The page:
Growing up in Cleveland, Ohio

When I was a child growing up in Cleveland, Ohio, my family used to drive over a bridge that spanned the “Flats”, the Cuyahoga River Valley, on our way to visit my grandmother on the east side of town.  The Flats was home to the many steel mills that helped make Cleveland a major manufacturing city.

The Flats in Cleveland

Back in my youth the mills spewed sulfurous clouds of smoke into the air and the Cuyahoga River was a toxic sewer, flowing into Lake Erie.  Crossing that bridge and seeing the flames and the smoke, I was certain that was what hell looked and smelled like.

I knew then that I did NOT want to spend my career trapped inside a factory.  They were dangerous, hot, noisy and all the jobs were mind numbingly repetitive and boring.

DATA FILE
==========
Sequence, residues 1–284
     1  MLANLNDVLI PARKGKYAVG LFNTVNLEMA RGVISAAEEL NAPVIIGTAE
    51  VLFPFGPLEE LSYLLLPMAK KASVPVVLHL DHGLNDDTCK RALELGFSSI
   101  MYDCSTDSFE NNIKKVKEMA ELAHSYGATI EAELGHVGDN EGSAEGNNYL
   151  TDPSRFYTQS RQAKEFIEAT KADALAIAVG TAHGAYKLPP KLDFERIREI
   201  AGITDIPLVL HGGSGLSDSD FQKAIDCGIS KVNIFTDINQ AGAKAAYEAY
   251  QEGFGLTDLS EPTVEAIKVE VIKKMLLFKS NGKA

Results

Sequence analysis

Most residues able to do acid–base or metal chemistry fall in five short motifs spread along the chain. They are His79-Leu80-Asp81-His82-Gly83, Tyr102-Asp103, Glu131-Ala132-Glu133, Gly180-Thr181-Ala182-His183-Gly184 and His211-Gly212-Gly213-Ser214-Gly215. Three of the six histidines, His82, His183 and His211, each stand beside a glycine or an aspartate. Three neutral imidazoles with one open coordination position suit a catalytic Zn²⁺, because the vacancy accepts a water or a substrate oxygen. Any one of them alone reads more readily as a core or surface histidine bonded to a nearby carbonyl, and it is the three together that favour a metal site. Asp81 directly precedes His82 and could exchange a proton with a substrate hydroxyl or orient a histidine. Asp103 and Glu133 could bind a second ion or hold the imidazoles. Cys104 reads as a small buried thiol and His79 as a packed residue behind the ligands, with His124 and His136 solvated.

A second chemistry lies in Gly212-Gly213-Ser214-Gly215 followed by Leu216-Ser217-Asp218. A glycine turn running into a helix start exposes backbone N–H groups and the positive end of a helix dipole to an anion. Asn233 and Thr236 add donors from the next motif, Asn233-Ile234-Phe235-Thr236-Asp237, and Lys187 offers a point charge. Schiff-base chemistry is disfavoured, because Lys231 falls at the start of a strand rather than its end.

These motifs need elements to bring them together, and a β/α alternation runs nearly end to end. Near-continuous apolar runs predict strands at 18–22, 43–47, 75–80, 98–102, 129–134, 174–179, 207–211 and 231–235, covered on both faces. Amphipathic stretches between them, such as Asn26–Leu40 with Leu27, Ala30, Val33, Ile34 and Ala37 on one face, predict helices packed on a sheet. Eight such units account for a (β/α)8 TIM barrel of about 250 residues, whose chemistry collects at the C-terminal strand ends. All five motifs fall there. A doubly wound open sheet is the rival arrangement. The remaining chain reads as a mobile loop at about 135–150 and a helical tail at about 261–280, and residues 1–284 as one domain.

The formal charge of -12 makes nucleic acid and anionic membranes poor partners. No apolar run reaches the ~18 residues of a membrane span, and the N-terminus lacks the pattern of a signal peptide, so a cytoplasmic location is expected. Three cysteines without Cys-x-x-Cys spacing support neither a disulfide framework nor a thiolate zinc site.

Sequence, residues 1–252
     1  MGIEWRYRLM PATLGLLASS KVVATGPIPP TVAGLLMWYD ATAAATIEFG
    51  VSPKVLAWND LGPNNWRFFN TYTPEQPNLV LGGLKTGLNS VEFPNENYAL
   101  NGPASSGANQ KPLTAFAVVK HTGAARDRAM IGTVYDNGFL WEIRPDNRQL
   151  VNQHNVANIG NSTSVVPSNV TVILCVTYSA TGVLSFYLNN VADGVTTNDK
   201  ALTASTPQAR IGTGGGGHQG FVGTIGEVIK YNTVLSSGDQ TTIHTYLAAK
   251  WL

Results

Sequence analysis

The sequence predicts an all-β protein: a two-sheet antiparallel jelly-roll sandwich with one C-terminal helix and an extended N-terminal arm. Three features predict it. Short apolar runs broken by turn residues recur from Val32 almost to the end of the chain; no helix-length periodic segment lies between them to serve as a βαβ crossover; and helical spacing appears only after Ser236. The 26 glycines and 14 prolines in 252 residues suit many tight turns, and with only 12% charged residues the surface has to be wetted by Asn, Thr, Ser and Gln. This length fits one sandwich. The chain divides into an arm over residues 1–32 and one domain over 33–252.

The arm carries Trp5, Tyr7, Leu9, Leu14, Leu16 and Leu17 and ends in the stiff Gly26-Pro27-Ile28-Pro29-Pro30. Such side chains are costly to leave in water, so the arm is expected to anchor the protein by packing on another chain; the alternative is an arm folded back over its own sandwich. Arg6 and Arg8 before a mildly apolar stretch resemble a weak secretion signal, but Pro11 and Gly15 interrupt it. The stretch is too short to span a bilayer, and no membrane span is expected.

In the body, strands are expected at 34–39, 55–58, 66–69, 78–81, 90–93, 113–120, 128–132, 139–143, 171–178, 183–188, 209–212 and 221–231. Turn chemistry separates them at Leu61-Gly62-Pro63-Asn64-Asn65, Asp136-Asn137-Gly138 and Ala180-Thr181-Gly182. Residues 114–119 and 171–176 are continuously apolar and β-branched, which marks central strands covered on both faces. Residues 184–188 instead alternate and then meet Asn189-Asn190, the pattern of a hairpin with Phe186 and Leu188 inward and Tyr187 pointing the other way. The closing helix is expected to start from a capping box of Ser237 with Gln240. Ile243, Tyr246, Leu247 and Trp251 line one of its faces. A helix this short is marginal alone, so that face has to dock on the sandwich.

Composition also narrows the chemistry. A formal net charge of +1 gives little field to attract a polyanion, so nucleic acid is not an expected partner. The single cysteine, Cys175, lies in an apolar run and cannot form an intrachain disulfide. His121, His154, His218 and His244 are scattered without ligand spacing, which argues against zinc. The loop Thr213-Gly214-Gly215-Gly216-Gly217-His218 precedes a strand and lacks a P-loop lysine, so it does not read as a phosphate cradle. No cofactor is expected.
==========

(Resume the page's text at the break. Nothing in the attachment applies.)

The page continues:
I was determined to do well enough in school so that I could go to college, get a diploma, and escape the miserable life of a factory worker.

My, how times have changed.

Most manufacturing jobs today are well paying, stimulating, high tech, and safe.  Many–if not most–do not require a college diploma.  And as any recent college graduate can tell you, no diploma = no college debt.

Sadly too many parents in America are still pressuring their children to go to college, collect an over-priced sheepskin, and slug it out to land a job in a cubicle, staring at a computer monitor.  Many of those same children would be thrilled to take a well paying job in a clean, well-lit manufacturing plant . . . if they only knew those jobs existed and were waiting to be filled by bright, hard-working young people.

The future of America depends on our factories.  Those factories depend on a supply of  bright, hard-working young people.  Will America’s parents and their kids wake up in time to respond to this new reality?

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